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human granulocytic anaplasmosis

What is human granulocytic anaplasmosis (HGA)?

Human granulocytic anaplasmosis (HGA) is an infection caused by the bacteria Anaplasma phagocytophilum. HGA bacteria infect the white blood cells of their hosts, specifically a group of cells called granulocytes.

How is HGA transmitted?

In California, people get HGA when they are bitten by a western black-legged tick infected with HGA bacteria. Ticks become infected with HGA bacteria when they bite an infected wild rodent. If that tick later bites a human, the tick may transmit the HGA bacteria to the person. Dogs and horses can be infected with HGA bacteria, but they cannot transmit the infection to people.

What are the symptoms of HGA?

Most individuals infected with HGA bacteria have no or mild symptoms. When symptoms occur, they resemble the flu, with fever, headache, fatigue, muscle aches, and nausea. Some individuals may also have vomiting, cough, or a rash. Some patients, particularly elderly persons or those with weakened immune systems, may have a more severe illness and need to be hospitalized. HGA is rarely fatal.

How is HGA diagnosed and treated?

Blood tests are available to help your doctor determine whether your illness is HGA. HGA can be successfully treated with antibiotics. Persons with HGA generally begin to feel better within one to two days of starting antibiotic treatment.

How common is HGA?

Most cases of HGA occur in the upper midwestern and northeastern United States. HGA is an uncommon infection in California; only six confirmed cases occurred between 1994 and 2006.

How can I prevent HGA?

Taking appropriate precautions to avoid tick bites can reduce the risk of HGA, as well as
other diseases transmitted by ticks.

What can be done to keep from being bitten by ticks?

  • Avoid areas where ticks are known to occur.
  • Stay in the middle of trails; avoid grassy areas, contact with logs, tree trunks and fallen branches or tree limbs in forests. 
  • Use an EPA registered repellent for use against ticks. Repellents with at least 20% DEET are effective and can be applied to the skin and clothing. Always follow directions on the container.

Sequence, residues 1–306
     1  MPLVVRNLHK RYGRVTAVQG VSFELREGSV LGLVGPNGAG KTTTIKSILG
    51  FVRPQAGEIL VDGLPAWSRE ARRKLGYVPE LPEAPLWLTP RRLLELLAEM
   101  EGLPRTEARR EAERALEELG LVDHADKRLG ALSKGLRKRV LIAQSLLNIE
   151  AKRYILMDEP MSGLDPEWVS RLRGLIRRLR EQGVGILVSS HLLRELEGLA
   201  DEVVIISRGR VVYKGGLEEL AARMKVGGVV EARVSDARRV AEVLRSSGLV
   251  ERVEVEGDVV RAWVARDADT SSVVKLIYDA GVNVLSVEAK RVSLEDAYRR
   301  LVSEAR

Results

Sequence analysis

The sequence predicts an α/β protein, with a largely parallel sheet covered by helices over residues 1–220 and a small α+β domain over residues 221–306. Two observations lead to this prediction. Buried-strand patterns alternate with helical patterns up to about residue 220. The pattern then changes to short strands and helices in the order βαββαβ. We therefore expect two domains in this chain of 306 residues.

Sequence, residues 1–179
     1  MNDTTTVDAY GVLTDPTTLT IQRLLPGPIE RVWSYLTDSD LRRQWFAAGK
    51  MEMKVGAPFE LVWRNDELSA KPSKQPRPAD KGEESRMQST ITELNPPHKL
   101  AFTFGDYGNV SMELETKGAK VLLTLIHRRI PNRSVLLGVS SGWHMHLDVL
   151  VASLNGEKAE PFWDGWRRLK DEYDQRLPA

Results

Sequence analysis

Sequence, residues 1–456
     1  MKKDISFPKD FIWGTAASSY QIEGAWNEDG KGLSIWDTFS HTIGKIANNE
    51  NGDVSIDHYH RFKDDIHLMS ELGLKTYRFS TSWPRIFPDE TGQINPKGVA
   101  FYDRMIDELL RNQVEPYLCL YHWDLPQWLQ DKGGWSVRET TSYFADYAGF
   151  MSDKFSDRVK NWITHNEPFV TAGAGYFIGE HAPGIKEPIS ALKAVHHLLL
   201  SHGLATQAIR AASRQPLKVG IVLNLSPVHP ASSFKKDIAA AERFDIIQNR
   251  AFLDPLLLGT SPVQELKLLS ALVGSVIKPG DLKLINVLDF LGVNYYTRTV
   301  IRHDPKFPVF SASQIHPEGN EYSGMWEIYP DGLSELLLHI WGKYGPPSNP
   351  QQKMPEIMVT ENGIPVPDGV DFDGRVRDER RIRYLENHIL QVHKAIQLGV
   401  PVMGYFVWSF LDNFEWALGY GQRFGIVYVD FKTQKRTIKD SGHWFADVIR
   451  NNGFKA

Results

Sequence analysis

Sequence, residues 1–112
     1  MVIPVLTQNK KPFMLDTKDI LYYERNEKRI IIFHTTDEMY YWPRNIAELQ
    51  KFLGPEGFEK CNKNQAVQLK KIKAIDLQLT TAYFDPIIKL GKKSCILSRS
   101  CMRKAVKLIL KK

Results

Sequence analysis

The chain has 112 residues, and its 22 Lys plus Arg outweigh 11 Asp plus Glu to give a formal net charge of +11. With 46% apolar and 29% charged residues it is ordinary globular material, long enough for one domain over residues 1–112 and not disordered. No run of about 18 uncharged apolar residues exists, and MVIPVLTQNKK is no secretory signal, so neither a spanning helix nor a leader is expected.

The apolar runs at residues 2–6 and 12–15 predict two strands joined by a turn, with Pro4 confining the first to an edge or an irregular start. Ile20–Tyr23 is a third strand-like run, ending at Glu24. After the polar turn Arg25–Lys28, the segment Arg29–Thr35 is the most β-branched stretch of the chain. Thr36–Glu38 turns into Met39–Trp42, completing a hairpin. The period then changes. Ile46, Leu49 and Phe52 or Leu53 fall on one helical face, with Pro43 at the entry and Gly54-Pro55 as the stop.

• Apply permethrin to clothing (only) to kill ticks.
  • Thoroughly check yourself and others for ticks during and up to three days after activities in tick-infested areas.
  • Shower soon after returning from tick habitat.
  • Before washing, place clothing worn while in tick habitat in a hot dryer for 10 minutes to kill ticks crawling on clothing.
  • Keep grass along trails, buildings, and camping areas mown.

How should attached ticks be removed?

Note: Prompt tick removal can prevent disease transmission.
  • Using tweezers, grasp the tick's mouthparts as close to the skin as possible.
  • Gently pull the tick straight out, using a firm steady motion.
  • Wash your hands and the bite site with soap and water.
  • Apply an antiseptic to the bite site.
  • See your Healthcare Provider if you develop any symptoms, especially a rash, within 30 days of the tick bite.

Where can I find more information on HGA?

The U.S. Centers for Disease Control and Prevention has information available on their anaplasmosis webpage.    ​
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If you are having difficulty accessing any items on this webpage please contact CDPH at 916-552-9730 or email VBDS@cdph.ca.gov to request this information in an alternate format.​

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